Posted Online: Feb. 19, 2013, 6:00 am
Tilting our melting pot
Comment on this story
A Pew Research Center report -- "Second-Generation Americans: A Portrait of the Adult Children of Immigrants" -- recently verified something that has been the case throughout most of the nation's history: Children who grow up in this country become proud Americans.
Prepare for that to change.
I say this as a daughter of immigrants who, like roughly six out of 10 adult children of these newcomers, considers herself a "typical American." And like the overwhelming majority of second-gen Hispanics and Asians, I also believe the holiest of America's promises -- that most people can get ahead if they're willing to work hard.
My peers and I didn't get this way just based on our parents' sunny dispositions. It was drilled into us by that great assimilation machine called public school. It's an education system that, as I learned while earning a graduate degree in education, has its roots in the mission to teach students patriotism and moral values.
Well, just forget about it these days. Morals are not something that schools want to touch with a 10-foot pole. Even the watered-down character programs -- such as "Character Counts!" -- seem to be going extinct in favor of more general campaigns that merely implore students to "Just Be Nice" or put their "Values in Action!"
And patriotism in school is dead.
Take this headline that came to me from the Education Action Group Foundation, which has been described as either a promoter of sensible education reform or a tool of the far-right fringe, "Radical education officials try to impose anti-American curriculum."
The e-blast claimed that Minnesota's education officials are proposing new social studies standards that would "no longer require students to learn about Martin Luther King Jr., the War on Terror, the Soviet Union or the importance of patriotism."
"Students would be required to learn about America's 'institutional racism,' 'the rise of big business,' and the problems posed by an 'unregulated capitalist economy.' In other words, some want to change the curriculum so history instructors teach children that the United States is a bad country with an evil past."
A level-headed independent thinker might wonder if such heated rhetoric is nothing more than the bizarre assertions of Ayn Rand-worshiping conservatives. But this doesn't mean there isn't some truth to it.
As a second-generation minority who came of age with similar peers in urban classrooms that resembled a mini-United Nations, I can say that my schools taught us to love our parents' adopted country with all our hearts. We grew up feeling as American as apple pie, even when we preferred comfort foods like leche flan or empanadas.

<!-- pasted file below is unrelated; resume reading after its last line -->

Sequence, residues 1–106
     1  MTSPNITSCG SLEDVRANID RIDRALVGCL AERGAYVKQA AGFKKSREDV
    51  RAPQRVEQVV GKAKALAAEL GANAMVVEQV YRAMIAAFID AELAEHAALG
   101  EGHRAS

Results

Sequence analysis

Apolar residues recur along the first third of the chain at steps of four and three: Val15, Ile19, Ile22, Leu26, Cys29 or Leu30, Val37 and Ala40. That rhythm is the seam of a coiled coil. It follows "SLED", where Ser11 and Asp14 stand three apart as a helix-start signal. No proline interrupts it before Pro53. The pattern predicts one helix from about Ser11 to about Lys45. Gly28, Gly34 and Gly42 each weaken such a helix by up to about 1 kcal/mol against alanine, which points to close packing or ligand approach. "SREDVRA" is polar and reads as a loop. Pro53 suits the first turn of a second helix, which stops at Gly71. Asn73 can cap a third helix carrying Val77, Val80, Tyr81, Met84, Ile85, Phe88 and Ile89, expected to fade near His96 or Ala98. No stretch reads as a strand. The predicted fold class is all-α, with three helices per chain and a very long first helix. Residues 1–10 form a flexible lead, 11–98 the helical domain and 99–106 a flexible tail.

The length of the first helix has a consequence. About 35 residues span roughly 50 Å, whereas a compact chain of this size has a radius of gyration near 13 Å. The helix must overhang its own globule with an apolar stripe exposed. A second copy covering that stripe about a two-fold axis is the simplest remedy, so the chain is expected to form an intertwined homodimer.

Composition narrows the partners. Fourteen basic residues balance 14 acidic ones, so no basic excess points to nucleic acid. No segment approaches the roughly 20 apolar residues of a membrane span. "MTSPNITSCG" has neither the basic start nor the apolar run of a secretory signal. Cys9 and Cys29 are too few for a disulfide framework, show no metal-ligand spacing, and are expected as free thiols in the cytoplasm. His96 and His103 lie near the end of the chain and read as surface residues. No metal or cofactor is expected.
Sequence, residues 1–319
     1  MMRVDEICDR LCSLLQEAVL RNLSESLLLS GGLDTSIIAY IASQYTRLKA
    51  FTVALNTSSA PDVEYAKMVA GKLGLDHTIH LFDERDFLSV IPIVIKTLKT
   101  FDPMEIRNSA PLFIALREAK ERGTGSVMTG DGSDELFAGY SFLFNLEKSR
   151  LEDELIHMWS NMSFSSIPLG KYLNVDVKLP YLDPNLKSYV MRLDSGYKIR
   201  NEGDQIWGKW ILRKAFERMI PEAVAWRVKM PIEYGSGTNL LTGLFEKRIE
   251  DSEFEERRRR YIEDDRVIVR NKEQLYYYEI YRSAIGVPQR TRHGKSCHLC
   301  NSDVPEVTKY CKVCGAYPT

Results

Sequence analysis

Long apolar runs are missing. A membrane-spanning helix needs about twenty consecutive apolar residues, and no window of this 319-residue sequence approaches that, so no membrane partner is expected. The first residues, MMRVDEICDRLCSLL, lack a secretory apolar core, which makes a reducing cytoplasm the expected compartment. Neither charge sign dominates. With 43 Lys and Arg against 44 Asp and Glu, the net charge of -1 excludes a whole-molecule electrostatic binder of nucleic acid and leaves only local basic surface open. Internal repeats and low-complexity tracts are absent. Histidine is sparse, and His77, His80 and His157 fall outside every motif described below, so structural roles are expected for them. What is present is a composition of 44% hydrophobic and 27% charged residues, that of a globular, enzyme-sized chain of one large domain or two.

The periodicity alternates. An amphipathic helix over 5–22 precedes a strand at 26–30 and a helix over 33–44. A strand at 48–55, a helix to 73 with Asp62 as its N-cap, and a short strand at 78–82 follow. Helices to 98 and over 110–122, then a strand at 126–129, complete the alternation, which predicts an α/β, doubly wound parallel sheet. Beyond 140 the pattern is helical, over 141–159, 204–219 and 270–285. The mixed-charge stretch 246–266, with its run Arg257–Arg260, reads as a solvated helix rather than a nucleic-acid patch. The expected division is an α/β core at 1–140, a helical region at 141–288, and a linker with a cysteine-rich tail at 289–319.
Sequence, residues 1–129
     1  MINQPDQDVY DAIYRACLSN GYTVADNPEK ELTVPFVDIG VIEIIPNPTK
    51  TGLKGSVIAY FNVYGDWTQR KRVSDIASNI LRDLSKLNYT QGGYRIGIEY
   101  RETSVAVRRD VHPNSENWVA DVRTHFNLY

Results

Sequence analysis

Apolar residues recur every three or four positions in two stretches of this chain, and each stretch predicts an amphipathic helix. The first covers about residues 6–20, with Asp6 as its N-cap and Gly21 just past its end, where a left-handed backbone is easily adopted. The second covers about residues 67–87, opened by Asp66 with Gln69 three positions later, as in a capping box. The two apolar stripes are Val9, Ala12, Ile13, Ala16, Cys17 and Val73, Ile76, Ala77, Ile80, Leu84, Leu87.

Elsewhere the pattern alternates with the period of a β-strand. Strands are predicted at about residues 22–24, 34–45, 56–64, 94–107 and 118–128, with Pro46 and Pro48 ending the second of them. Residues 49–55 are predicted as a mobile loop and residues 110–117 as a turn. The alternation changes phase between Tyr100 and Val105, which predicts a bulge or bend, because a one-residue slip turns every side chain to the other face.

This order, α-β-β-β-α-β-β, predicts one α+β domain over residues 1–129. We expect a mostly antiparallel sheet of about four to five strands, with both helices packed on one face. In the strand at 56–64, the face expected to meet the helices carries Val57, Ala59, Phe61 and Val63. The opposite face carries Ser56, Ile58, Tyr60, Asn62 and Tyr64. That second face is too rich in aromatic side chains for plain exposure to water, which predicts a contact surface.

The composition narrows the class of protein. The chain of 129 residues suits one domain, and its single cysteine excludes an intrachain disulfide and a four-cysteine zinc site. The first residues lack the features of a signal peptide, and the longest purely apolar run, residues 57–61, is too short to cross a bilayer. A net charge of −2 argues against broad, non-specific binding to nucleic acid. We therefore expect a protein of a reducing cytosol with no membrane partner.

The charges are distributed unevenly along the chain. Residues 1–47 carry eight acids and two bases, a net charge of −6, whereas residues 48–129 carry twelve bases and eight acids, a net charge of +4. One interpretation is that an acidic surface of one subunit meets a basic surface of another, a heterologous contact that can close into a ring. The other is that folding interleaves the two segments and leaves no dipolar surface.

Today, as an ex-educator and the mother of two middle-school children attending schools staffed by left-leaning teachers trained more in the art of social justice than the science of pedagogy, I can tell you that when the current crop of school-age children of immigrants are grown, they may look at America as an imperialist, corporate-driven oppressor, not a source of pride.
In the name of inclusiveness, diversity, ethnic and gender studies, the education pendulum has swung to the point where, to read some of the worksheets that are given out as class work, you could forget that we are a nation molded by a group of enterprising founding fathers.
In the Howard Zinn "A People's History of the United States" version of the past that most new teachers seem to have been weaned on, America was instead developed by wealthy, slave-owning white males whose real claim to fame was capitalizing on the Native American genocide that Columbus and the first colonists took part in.
Don't laugh. This is not only how I've heard real teachers describe the roots of our nation, but almost exactly the terms in which social studies instruction was couched when I was going through formal teacher training.
We want to teach our students to think critically about their history, to be outraged at past wrongs. But too often, criticism is delivered to impressionable young minds with no real sense of historical context. The result is a constant drumbeat about how terrible America is.
In a nation where lawsuits are filed in order to avoid the supposed tyranny of having to stand for the Pledge of Allegiance, the prospects for inspiring patriotism in our children are bleak. Prepare for the next wave of second-generation Americans to be far less admiring of their country than their predecessors were.
Esther J. Cepeda writes for the Washington Post Writers Group.